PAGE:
I write to congratulate the Hon Minister of Education, Sports and Culture, Hon Loau Keneti Sio, for changing his mind and continue to support the banning of corporal punishment in schools.
Personally, as a former C.E.O. of M.E.S.C. and an Educator, I find it unpalatable that we can even consider smacking a child in order to modify his or her behaviour.
Many educational researches on the same area have proven that harsh physical punishments do not improve students in school behaviour or academic performance. In fact, one recent study found that in countries where corporal punishment is frequently used, schools have performed worse academically than those in countries that prohibit corporal punishment.
Many children in schools who have been subjected to hitting or other harsh disciplinary practices have reported subsequent problems with depression, fear and anger.
These students frequently withdraw from school activities and disengage academically.
An action survey carried out by M.E.S.C. in 2012 on the effect of corporal punishment on student learning found that victims often develop deteriorating peer relationships, have difficulty with concentration, have lower school achievement, have antisocial behaviour, intense dislike of authority, somatic complaints, a tendency for school avoidance and school drop-out, and other evidence of negative high-risk adolescent behaviour. As such, the outcomes of this survey reaffirmed to M.E.S.C. that the enforcement of the current regulations to stop corporal punishment in schools is the right thing to do.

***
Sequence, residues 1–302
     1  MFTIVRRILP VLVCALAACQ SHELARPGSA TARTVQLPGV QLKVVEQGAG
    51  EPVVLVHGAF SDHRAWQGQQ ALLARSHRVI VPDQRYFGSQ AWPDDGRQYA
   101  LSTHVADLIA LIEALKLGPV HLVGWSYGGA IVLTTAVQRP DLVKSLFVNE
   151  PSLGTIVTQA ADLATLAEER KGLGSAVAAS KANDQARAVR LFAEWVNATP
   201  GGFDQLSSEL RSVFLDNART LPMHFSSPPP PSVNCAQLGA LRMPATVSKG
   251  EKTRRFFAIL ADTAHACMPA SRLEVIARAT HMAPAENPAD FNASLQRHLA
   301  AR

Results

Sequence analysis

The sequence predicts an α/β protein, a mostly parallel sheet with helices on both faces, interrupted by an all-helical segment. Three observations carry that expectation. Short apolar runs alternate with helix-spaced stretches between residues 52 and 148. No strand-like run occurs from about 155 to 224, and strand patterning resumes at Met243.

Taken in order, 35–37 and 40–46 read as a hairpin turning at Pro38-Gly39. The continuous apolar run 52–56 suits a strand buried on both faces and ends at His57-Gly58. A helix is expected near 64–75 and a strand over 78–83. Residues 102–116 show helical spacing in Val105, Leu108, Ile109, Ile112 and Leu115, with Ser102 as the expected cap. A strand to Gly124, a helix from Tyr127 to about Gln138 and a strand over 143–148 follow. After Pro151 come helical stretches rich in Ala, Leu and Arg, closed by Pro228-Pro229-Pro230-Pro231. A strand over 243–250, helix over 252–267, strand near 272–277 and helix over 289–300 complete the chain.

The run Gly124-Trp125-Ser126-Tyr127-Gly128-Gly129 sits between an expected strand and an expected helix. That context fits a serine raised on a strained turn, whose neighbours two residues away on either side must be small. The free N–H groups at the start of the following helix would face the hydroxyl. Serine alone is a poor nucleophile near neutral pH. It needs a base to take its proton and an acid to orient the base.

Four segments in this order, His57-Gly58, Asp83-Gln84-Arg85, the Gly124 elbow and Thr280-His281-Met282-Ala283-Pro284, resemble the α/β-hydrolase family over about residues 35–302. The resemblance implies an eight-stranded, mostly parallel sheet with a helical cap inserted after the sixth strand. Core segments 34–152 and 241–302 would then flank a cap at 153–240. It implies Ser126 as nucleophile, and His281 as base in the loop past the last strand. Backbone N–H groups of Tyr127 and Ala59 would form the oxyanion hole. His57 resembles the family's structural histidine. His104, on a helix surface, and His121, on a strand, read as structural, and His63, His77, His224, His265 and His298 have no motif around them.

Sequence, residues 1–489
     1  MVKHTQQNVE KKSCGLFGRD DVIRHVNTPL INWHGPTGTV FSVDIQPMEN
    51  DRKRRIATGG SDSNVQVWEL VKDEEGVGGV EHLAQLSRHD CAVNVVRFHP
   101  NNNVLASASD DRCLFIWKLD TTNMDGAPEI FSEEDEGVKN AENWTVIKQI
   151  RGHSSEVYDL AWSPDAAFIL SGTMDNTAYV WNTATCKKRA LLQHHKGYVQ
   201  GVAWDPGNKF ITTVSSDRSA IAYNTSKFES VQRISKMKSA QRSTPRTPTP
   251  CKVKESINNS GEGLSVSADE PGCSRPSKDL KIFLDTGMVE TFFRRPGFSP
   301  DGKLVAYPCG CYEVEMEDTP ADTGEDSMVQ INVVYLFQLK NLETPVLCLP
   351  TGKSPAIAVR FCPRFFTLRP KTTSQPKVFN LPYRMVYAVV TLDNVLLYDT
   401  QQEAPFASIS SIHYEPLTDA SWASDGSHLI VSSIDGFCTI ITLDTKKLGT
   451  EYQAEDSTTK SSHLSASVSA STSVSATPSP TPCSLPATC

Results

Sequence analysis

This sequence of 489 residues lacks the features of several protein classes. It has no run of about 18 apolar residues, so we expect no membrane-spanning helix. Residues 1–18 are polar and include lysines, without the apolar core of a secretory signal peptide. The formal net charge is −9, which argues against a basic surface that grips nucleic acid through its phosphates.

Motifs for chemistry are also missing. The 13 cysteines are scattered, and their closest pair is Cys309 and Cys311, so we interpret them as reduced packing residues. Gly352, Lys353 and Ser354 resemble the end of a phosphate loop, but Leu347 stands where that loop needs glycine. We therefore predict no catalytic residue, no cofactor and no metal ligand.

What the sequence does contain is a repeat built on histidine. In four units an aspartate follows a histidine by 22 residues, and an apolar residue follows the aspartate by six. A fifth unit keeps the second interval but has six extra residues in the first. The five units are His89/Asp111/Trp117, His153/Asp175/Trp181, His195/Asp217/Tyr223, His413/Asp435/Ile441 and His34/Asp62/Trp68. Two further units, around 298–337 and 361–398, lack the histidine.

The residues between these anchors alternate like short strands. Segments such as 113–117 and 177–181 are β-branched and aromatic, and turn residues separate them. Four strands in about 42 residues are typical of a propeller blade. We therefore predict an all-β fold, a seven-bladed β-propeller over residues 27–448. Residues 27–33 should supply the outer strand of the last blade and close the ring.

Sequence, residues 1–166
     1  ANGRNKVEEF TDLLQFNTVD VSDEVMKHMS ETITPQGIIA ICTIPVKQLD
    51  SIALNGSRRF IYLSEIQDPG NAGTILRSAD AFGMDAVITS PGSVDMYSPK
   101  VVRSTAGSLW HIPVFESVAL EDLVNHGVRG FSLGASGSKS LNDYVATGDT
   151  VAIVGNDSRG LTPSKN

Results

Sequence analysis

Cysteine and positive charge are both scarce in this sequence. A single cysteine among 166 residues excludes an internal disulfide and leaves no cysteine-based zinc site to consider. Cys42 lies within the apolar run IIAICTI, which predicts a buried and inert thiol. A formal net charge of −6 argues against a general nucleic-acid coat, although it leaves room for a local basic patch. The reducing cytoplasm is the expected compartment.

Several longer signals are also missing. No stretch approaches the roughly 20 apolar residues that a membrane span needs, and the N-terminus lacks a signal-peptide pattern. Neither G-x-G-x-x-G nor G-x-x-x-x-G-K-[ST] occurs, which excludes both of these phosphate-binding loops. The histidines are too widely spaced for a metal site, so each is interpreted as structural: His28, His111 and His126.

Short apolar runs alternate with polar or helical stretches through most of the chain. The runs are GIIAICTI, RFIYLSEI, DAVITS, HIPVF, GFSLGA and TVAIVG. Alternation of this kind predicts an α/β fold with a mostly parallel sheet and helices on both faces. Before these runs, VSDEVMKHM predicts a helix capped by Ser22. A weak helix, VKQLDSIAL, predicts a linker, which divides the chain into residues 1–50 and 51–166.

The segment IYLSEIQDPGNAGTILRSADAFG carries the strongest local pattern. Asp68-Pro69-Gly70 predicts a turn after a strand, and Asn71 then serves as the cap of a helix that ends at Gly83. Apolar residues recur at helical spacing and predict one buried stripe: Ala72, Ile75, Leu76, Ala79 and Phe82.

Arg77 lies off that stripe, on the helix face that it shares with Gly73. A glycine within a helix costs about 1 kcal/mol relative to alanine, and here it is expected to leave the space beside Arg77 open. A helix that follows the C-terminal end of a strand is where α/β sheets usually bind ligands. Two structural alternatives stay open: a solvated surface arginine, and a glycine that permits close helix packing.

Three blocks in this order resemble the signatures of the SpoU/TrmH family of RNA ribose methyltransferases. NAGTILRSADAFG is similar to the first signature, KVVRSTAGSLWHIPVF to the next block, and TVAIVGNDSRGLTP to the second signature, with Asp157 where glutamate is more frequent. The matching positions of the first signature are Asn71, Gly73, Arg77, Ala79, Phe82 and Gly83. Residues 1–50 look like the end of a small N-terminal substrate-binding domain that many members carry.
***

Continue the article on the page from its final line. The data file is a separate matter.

Parents also play a huge part in disciplining their children in order to improve their behaviour and learning outcomes. I personally believe that parental engagement in children’s learning in the home makes the greatest difference to student achievement. However, I won’t delve into effective parenting as I am sure most parents in Samoa are aware of their role in shaping their children’s behaviour.
Overall, corporal punishment is a destructive form of discipline that is ineffective in producing educational environments in which students can thrive. Rather than relying on harsh and threatening disciplinary tactics, schools and teachers should be encouraged to develop Positive Behaviour Support Programmes (P.B.S.P.), which have proven effective in reducing the need for harsh discipline while supporting a safe and productive learning environment. P.B.S.P. is currently being used in Western Australian schools where I now work as an educator and I testify to its effectiveness and positive impact on student behaviour. All stakeholders such as Parents, Government, Churches and the Community at large can work together with Teachers and Schools to implement positive behavioural programs to discipline misbehaved students in schools.
Ia manuia aoga a alo ma fanau a Samoa i lenei tausaga.
Matafeo Falanaipupu Tanielu Aiafi